Robert Anderson ROXBURGH Helen Anderson ROXBURGH  ROXBURGH Mary Hutchison BELL treeI90.gif

Mary Evelyn ROXBURGH

10th Oct 1896 - 24th Apr 1973

Life History

10th Oct 1896

Born

24th Apr 1973

Died

I met Naena and Evelyn several times but can only distinctly recall one occasion. So much so, that they are indissolubly one item, NaenaandEvelyn, rather than being two clear-cut individuals. This is not because in reality they lacked identity - very much the opposite as I hope in part to show, but in my mind they are an item.

Neither married, both for good reasons. They refer, in the course of their notes on other members of the family, to living in various places in Scotland as well as moving to London, but the only place I knew them to live was in Long Wittenham where both of them died and are buried. One sister was tall and stately, the other was short and jolly. I think Evelyn was the former.
Viewed from hindsight, Evelyn appears the more shadowy figure, but this may be simply because she committed fewer of her thoughts to paper, or maybe she destroyed more of her papers than Naena did her own.

I should maybe preface what little I know about the two Misses Roxburgh by explaining how some of their possessions came into our hands. They were very close as sisters and, although they did not always live together certainly did so for the last 20 or 30 years. Both made their wills out naming the other as principle beneficiary. Evelyn died about 3 weeks before Naena and although Naena was I think aware of the problem was unable to take action in time to avoid dying intestate. There was a particular irony in this as Naena was for many years secretary and more (as will appear) to not only a lawyer, but an Appellate Lord Justice, Sir Leslie Scott. The estate therefore forfeited 40% immediately to the state and the remainder was divided equally between the surviving immediate descendants of the sisters. One of the named executors was Lord Diplock, an erstwhile colleague or protégé of Sir Leslie's - this at a time when there was a crisis in Anglo-Irish relations and Lord Diplock was in the very process, I think, of establishing the so-called 'Diplock Courts' to deal with Irish terrorists. Clearly handling a rather messy intestate estate would have been inconvenient. As one of the beneficiaries (my father Dick Linklater) lived quite close and was able and willing to act as executor most of the final administration of the will fell to him.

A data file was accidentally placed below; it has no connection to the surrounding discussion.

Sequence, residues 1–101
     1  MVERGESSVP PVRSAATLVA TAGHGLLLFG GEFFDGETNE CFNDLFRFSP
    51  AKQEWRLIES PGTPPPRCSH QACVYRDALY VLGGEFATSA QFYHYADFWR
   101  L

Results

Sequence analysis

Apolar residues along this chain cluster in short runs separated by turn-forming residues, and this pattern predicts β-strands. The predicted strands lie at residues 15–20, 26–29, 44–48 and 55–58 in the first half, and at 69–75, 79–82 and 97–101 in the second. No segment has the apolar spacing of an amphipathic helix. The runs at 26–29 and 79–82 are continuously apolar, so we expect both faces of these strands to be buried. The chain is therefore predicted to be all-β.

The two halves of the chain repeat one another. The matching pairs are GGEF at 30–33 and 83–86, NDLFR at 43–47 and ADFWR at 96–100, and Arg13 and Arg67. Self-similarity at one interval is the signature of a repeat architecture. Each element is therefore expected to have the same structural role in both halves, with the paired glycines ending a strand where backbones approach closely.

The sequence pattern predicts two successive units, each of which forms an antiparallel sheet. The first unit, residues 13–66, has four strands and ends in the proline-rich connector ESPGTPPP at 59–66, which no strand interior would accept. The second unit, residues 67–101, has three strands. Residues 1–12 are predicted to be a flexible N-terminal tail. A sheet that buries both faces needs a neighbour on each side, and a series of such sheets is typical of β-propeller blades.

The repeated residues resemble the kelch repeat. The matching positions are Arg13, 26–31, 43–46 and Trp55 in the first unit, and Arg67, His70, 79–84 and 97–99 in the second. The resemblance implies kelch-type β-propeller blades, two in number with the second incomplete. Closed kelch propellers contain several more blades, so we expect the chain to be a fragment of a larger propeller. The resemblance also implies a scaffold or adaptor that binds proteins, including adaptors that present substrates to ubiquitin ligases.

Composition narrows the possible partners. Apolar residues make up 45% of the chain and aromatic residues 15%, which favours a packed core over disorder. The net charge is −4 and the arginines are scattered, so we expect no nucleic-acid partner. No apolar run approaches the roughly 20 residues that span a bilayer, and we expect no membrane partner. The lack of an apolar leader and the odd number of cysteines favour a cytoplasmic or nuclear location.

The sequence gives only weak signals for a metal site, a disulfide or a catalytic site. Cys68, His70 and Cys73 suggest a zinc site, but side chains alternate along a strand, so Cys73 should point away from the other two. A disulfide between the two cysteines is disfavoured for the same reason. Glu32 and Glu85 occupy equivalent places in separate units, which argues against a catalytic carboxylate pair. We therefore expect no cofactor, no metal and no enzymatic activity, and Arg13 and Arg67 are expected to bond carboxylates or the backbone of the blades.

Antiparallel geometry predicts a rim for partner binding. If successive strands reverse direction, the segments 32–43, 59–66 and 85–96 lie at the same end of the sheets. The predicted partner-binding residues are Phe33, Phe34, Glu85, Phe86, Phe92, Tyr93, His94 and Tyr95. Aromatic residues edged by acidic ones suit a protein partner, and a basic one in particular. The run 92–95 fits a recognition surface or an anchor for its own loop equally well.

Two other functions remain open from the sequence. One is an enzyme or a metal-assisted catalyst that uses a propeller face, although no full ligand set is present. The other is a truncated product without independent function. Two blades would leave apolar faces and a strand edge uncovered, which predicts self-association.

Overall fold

The contents of the house were valued for probate and other beneficiaries notified of the opportunity to purchase items at probate valuation. Whether anyone did so I do not know. We i.e. Dick and Peggy Linklater myself and Robin were able to buy a number of things. It also fell to 'us' to clear the house ready for sale. This included vast amounts of accumulated junk - the sisters were inveterate hoarders and had kept all christmas cards etc since the year dot. There was also a considerable collection of papers of all sorts which we carted off lock stock and barrel with a view to 'looking through them later.' Among these papers were Naena's diaries and some letters and other documents which form the basis of the material for this.